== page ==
Information about the cost and the main technical characteristics of PV panels used in the calculations is presented in Table 6 (this information was taken from the manufacturer’s website; see Supplementary Materials Figure S3). It is assumed that the cost of PV depends linearly on the installed power capacity. The efficiency of BOS is taken as η = 0.95.
Calculating TCO, we calculated initial CAPEX and additional cost of replaced equipment over time. We did not include any OPEX and discount rates. Both of these are highly variable for the specific project, and the former is also compensated by the negative annual growth rate of CAPEX for HP and BES to be replaced.

3. Results

Thus, the operation of 30 different thermal stabilisation system options was simulated (for each aggregated one, the use of two to four HPs was considered). The total number of simulated systems (including variation in power system parameters) was about 292,000. For each thermal stabilisation system layout, the most efficient configurations (with RPS from 0.7 to 1, step 0.5) with minimum CAPEX and TCO were selected. The system life cycle was determined by the equipment with the maximum service life; thus, the TCO will be considered for 30 years. The TCO was affected by the need for BES and HP replacement.
Figure 8 shows the areas comprising the most efficient and cost-effective configurations (both in terms of CAPEX (a) and TCO (b)): the «Classic» area includes system variants 1–6, and the «Adaptive» area includes system variants 7–14. Of note, if thermal stabilisation requirements are not strict (RPS~0.7), there is not much difference in the efficiency of the approaches: the best «Adaptive» configuration is cheaper than «Classic» only by 5% in terms of CAPEX. However, as the requirements for preventing heat penetration into the soil increase, the difference grows as well: at RPS = 1, «Adaptive» is 28% cheaper than «Classic». When TCO is considered, the results are more pronounced: «Adaptive» is 27% cheaper when the requirements are not stringent, and 44% cheaper when the RPS = 1.
In terms of CAPEX, the most efficient (RPS = 1) and cheapest «Classic» configurations were the ones with BES and HP working in «Start–Stop» mode with light aggregation (2 HPs). But when RPS = 0.7 (using the classic approach), it is preferable to use «Inverter» mode and moderate aggregation (3 HPs). When using the adaptive load, in the same RPS ranges, in contrast, the cheapest configurations were options without BES and with aggregation (2 HPs). However, the best «Adaptive» configurations with RPS above 0.8 were the systems with BES. Table 7 shows the main technical characteristics of the most economically and technically efficient configurations.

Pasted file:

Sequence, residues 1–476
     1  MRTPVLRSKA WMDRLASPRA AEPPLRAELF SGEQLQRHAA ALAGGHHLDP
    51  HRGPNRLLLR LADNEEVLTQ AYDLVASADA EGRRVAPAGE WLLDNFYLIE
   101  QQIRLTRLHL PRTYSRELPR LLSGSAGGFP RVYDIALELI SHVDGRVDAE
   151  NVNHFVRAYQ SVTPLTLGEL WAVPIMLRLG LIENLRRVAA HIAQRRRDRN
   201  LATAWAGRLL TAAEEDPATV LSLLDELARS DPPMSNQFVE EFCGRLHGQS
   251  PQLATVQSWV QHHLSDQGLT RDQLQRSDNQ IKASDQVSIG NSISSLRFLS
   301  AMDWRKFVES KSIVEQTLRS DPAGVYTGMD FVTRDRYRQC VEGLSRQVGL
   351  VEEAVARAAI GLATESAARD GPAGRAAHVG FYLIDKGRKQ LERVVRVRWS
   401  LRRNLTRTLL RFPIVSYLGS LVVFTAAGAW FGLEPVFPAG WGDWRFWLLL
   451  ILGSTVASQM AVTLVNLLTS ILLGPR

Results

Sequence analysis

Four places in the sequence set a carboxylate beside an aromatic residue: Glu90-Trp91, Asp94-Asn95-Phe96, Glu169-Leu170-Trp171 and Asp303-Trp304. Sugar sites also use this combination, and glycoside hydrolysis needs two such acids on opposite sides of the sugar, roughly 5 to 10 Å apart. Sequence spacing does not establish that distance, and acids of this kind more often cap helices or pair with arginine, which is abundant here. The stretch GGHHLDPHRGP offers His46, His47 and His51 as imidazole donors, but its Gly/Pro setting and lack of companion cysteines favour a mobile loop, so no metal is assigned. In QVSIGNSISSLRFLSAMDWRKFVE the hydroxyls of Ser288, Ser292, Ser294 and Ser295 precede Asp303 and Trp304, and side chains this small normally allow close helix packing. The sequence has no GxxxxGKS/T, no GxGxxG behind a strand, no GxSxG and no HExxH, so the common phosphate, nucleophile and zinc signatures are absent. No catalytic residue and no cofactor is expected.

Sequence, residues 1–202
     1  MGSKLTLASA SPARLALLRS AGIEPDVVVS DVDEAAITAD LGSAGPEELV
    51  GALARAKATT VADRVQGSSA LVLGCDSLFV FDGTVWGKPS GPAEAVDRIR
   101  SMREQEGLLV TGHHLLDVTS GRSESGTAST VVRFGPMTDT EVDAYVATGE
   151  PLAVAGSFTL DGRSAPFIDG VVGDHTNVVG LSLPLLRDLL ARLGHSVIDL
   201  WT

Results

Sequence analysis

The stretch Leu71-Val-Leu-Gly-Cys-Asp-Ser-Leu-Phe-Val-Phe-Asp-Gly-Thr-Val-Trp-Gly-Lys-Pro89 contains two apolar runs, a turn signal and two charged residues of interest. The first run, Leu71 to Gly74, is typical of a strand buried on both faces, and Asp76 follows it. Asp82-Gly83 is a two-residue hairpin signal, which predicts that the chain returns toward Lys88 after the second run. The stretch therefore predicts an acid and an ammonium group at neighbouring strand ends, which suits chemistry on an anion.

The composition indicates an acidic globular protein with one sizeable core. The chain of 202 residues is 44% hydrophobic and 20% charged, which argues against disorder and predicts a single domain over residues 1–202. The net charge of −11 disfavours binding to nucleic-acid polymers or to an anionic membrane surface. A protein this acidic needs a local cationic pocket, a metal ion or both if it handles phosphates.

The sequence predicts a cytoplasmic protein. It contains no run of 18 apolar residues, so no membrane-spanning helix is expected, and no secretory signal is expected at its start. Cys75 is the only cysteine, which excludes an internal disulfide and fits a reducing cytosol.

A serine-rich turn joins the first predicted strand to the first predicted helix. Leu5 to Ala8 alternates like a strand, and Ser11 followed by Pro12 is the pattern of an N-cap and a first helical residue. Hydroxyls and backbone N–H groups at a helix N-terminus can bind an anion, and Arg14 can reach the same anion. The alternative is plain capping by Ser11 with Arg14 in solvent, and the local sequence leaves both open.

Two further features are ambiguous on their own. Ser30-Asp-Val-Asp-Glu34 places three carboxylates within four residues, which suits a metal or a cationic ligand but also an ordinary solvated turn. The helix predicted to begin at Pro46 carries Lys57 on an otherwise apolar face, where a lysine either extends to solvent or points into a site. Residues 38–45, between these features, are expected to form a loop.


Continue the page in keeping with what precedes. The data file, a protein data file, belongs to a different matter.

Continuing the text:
However, in terms of TCO, the most technically and economically efficient configurations in «Adaptive» mode are the systems without BES (Table 8), but using the aggregation principle (2 HPs) and operation frequency control. With the classic approach to load control, the most efficient configurations are those with BES. And, as the requirements for the quality of thermal stabilisation increase, the ratio between the capacities of HP and BES also changes in optimal configurations.

3.1. «Classic» (Configurations Numbered 1–6)

This set of configurations is the least efficient. Figure 9 shows the dependencies of CAPEX (a) and TCO (b) on required RPS for systems without BES. In such systems, the aggregation method does not always increase the efficiency of the system: three or four HPs are not a viable solution with «Start–Stop» control. Although deeper aggregation of the system reduces the starting threshold power, using two HPs with «Start–Stop» control leads to better results. The transition from two HPs to three HPs reduces the minimum power required to start the aggregates.
Inverter mode is not effective compared to the «Start–Stop» control. Aiming to satisfy the electric power demand for thermal stabilisation at the given moment (Figure 4), the «Start–Stop» system will somehow operate at a higher power than actually required, which will eventually lead to cold accumulation in the soil. When the frequency is controlled, the power is finely adjusted to the demand for cooling—without its excessive production. For the same reason, a «Start–Stop» system with four HPs loses to a system with two HPs due to the possibility of finer adjustment of power consumption: a decrease in excess cooling capacity reduces the efficiency of the thermal stabilisation system as a whole.